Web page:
I tried to revise the patch. It allows plugins to get control next to
client authentication, but before returning the status to users.
This change enables plugins which should be invoked on authentication
failed to utilize this hook, not only assignment of session security
At the same time, it disables to hook on SET SESSION AUTHORIZATION.
But it is a bit unclear whether we should hook here, or not.
(2010/08/24 14:19), KaiGai Kohei wrote:
> (2010/08/22 21:38), KaiGai Kohei wrote:
>> (2010/08/22 0:20), Robert Haas wrote:
>>> On Aug 20, 2010, at 8:27 PM, KaiGai Kohei<kaigai(at)kaigai(dot)gr(dot)jp> wrote:
>>>> (2010/08/20 23:34), Robert Haas wrote:
>>>>> 2010/8/19 KaiGai Kohei<kaigai(at)ak(dot)jp(dot)nec(dot)com>:
>>>>> I think our standard criteria for the inclusion of hooks is that you
>>>>> must demonstrate that the hook can be used to do something interesting
>>>>> that couldn't be done without the hook. So far I'm unconvinced.
>>>> We cannot handle an error of labeled networking (getpeercon(3)),
>>>> if we don't have any hook during client authorization stage.
>>>> If and when a connection came from a host but we don't accept the
>>>> delivered security label, or labeled networking is misconfigured,
>>>> getpeercon(3) returns NULL. In this case, server cannot identify
>>>> what label should be applied on the client, then, we should
>>>> disconnect this connection due to the error on database login,
>>>> not any access control decision.
>>>> In similar case, psm_selinux.so disconnect the connection when
>>>> it cannot identify what security label shall be assigned on the
>>>> session, due to some reasons such as misconfigurations.
>>>> Without any hooks at authorization stage (but it might be different
>>>> place from this patch, of course), we need to delay the error
>>>> handling by the time when SE-PostgreSQL module is invoked at first.
>>>> But it is already connection established and user sends a query.
>>>> It seems to me quite strange behavior.
>>> You mentioned that before. I'm not totally sure I buy it, and I think
>>> there are other applications that might benefit from a hook in this area.
>>> We need to think about trying to do this in a way that is as general as
>>> possible. So I'd like to see some analysis of other possible
>> Yes, I also think this kind of authorization hook should benefit other
>> applications, not only label based mac features.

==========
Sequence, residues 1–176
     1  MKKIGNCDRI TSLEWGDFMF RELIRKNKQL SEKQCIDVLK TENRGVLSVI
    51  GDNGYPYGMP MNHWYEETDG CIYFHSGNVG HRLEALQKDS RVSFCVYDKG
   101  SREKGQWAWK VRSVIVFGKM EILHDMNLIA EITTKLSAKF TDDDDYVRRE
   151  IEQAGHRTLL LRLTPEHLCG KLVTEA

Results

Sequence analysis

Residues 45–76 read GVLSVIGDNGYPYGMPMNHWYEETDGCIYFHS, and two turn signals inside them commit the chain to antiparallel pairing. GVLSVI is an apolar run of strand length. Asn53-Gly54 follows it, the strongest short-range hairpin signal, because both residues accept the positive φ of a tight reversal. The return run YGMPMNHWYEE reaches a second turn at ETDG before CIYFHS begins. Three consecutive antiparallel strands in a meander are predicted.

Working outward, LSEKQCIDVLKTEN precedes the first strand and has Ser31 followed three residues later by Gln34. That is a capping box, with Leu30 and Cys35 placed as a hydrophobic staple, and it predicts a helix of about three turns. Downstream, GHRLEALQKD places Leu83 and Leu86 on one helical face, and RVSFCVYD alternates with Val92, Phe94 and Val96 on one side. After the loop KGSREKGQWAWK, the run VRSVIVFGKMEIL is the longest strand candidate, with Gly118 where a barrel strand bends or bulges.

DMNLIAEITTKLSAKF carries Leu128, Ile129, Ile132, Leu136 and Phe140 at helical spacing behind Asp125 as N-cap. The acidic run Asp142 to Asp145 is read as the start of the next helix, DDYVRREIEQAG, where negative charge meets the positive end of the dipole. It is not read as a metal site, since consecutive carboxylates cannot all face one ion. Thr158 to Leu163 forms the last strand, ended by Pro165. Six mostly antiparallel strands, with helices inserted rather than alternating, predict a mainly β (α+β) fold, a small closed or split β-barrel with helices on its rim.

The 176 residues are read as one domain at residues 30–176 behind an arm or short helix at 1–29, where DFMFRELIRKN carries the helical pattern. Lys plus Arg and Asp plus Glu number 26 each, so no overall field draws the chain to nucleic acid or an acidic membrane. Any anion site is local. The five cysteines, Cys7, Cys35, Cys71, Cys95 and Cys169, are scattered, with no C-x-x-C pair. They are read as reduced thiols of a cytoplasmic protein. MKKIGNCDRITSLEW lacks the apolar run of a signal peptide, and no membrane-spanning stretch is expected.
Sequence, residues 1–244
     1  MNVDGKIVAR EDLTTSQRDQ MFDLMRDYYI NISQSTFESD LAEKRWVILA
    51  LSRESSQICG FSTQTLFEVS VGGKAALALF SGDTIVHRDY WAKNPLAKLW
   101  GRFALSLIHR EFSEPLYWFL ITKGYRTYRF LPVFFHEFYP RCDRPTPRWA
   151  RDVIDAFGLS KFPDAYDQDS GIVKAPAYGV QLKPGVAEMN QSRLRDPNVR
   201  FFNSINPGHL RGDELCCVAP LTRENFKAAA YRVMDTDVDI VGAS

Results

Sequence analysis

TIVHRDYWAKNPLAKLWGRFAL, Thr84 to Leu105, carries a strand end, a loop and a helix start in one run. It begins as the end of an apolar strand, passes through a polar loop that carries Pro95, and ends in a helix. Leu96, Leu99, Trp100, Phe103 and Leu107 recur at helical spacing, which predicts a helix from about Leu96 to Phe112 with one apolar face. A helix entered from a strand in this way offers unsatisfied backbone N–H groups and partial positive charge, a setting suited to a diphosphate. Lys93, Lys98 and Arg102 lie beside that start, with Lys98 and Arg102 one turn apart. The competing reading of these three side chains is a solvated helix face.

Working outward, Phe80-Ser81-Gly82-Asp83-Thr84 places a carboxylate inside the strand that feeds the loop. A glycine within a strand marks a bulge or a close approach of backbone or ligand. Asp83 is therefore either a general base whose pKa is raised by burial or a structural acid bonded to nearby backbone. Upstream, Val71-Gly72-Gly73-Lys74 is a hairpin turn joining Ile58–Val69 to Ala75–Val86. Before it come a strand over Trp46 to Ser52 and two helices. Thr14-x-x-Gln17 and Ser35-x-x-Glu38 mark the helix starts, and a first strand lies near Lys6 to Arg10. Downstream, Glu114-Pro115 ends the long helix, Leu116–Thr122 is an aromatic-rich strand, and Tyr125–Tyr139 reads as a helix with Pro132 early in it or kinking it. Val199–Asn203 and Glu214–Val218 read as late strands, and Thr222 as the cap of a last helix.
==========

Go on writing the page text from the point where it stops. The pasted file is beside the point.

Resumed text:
>> For example, something like 'last' command in operations system which
>> records username and login-time. Stephen mentioned pam_tally that locks
>> down certain accounts who failed authentication too much.
>> Perhaps, PAM modules in operating system give us some hints about other
>> possible applications.
> I've checked some documentation files of pam modules in operating system
> to think about other possible applications.
> * pam_env.so
> It allows to set/unset environment variables, perhaps, per users.
> In PG, we may be able to assume a module which set/unset guc variables
> depending on authenticated user?
> * pam_faildelay.so
> It enables to delay to disconnect when authentication was failed.
> It prevents brute-force attack on passwords.
> * pam_lastlog.so
> It enables to display a line of information about the last login of
> the user. In addition, the module maintains the /var/log/lastlog file.
> * pam_selinux.so
> It sets up the default security context for the next execed shell.
> It is equivalent to set up a set of privileges of the authenticated
> * pam_tally.so
> It maintains a count of attempted accesses, can reset count on success,
> can deny access if too many attempts fail.
> If and when we try to provide something similar features of them,
> the pam_env.so, pam_lastlog.so and pam_selinux.so need to be called
> on the code path of authentication succeeded only.
> But the pam_faildelay.so needs to be called on authentication failed
> path, and the pam_tally.so needs to be called on both paths because
> it maintain a count of authentication failed and locks down certain
> user accounts which failed too many.
> In the current patch, I put the authorization hook on SetSessionUserId()
> but it is only called when authentication succeeded path.
> Here is only one place where we can put the authorization hook where
> is called on both of authentication succeeded and failed.
> The ClientAuthentication() has a big switch statement which branches
> to each authentication methods, then status will be updated to
> STATUS_OK or others.
> How about the security hook just after the big switch statement but
> before sending a response to the client, as follows?
> ClientAuthentication(Port *port)
> int status = STATUS_ERROR;
> * Now proceed to do the actual authentication check
> switch (port->hba->auth_method)
> case uaReject:
> + if (ClientAuthenticationHook)
> + status = (*ClientAuthenticationHook)(port, status);
> if (status == STATUS_OK)
> sendAuthRequest(port, AUTH_REQ_OK);
> auth_failed(port, status);
> /* Done with authentication, so we should turn off immediate interrupts */
> ImmediateInterruptOK = false;
KaiGai Kohei <kaigai(at)ak(dot)jp(dot)nec(dot)com>
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